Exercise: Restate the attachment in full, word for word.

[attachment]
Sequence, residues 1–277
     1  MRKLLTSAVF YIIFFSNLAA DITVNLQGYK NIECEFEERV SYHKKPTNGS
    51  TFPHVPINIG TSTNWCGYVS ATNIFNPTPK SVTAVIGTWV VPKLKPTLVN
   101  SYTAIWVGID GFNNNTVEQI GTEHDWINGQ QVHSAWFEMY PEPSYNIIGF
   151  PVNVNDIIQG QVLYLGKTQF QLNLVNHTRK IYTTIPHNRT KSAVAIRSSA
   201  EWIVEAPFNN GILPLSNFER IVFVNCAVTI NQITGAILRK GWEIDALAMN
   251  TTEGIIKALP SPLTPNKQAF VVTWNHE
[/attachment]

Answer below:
Sequence, residues 1–277
     1  MRKLLTSAVF YIIFFSNLAA DITVNLQGYK NIECEFEERV SYHKKPTNGS
    51  TFPHVPINIG TSTNWCGYVS ATNIFNPTPK SVTAVIGTWV VPKLKPTLVN
   101  SYTAIWVGID GFNNNTVEQI GTEHDWINGQ QVHSAWFEMY PEPSYNIIGF
   151  PVNVNDIIQG QVLYLGKTQF QLNLVNHTRK IYTTIPHNRT KSAVAIRSSA
   201  EWIVEAPFNN GILPLSNFER IVFVNCAVTI NQITGAILRK GWEIDALAMN
   251  TTEGIIKALP SPLTPNKQAF VVTWNHE